1. Cleaning and parsing data

One of the more challenging things in Excel is when you’re dealing with a dataset that may not be easy to manipulate. For instance, if you’ve got text mixed in with numbers or dates that aren’t in the right format, Excel may not interpret or recognize the data properly. But there are many formulas that can help you with that. Rather than manually fixing the data, you can use functions like TRIM, CLEAN, LEFT, MID, and RIGHT to extract what you need while also getting rid of extra, unnecessary spaces and other characters.

If you’re looking for more of a walkthrough of the process, there’s a detailed explanation in this post of how to parse data.

Through the use of formulas, you can save hours that you might otherwise spend trying to clean up your spreadsheet. And the best part is that once you’ve set it up, you can re-use the formulas as you add more data. You don’t need to use macros or complicated coding to clean up; a well-structured template can be enough to do the job for you.

2. Creating simple reports

One of the best features of using Excel is that once you’ve entered data into a spreadsheet, it’s even easier to create a report from it. One example is through the use of a pivot table, where through just a few clicks you can easily summarize your data and split it along different categories. Slicers can make filtering and summarizing data even easier in pivot tables, especially for users who aren’t very familiar with Excel. Forget any manual work here; just a few clicks and you’ve got a report that can quickly summarize information in a table for you!

Alternatively, you can also insert charts easily and Excel will try and select the best one based on your data set. There’s also lots of formatting you can apply to charts so that they have the look and feel that you’re after. And once you’ve got a look that works, you can re-use it over and over again.

3. Creating dynamic dashboards

Dashboards are incredibly popular but they can be complex to set up. Then there’s also the challenge of updating it and making sure the data is up-to-date. It can easily take you hours every time to make sure the information is accurate.

However, in this post, I show you how to create a dynamic dashboard that not only won’t take you hours but that will automatically update as you add data to it. And then, you end up with a report that looks great to send to management to easily review and update.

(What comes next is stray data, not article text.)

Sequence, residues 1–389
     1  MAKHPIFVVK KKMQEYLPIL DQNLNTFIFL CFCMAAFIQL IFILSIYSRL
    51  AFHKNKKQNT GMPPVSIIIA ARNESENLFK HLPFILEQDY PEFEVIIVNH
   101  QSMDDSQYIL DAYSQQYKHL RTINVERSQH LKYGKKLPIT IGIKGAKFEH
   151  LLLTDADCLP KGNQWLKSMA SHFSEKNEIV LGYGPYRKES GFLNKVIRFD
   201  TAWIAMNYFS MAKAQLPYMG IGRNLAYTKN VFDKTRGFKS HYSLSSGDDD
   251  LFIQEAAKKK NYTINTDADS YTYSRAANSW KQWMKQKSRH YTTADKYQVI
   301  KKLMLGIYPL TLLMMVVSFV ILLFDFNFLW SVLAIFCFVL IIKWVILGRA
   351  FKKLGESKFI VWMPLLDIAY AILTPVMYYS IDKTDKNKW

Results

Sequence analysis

4. Routine data entry

One of the biggest headaches people can face when using spreadsheets is when they hard-code calculations. A hard-coded calculation is where you don’t reference any cells and just put the result in the cell; it can make it nearly impossible to decipher how that number was calculated (especially if you’re not the person who entered the value). If you go to re-calculate it or update it, you could spend a lot of time just trying to figure out the calculation.

However, by using a formula, there’s no ambiguity as to how a value was calculated. Not only does that save you the time of entering in data but it also makes it easy to correct and update the figure. Ideally, you should minimize the number of places you’re manually entering data into. By doing that, you’ll have a much more robust template where your inputs are kept to a minimum which will eliminate the need for a lot of data entry and your other calculated fields will update automatically. This type of automation doesn’t require complex coding and just needs an Excel spreadsheet to be carefully constructed so that it is efficient and makes the most of formulas.

5. Conditional formatting

Oftentimes you’ll want to color-code your data to highlight things you should be paying attention to. If you’ve got an aged accounts receivable schedule, it is useful to highlight which accounts are more than 90 days overdue. You could manually filter the data and highlight all the cells or rows in red that are overdue, but you can just use conditional formatting to do that for you.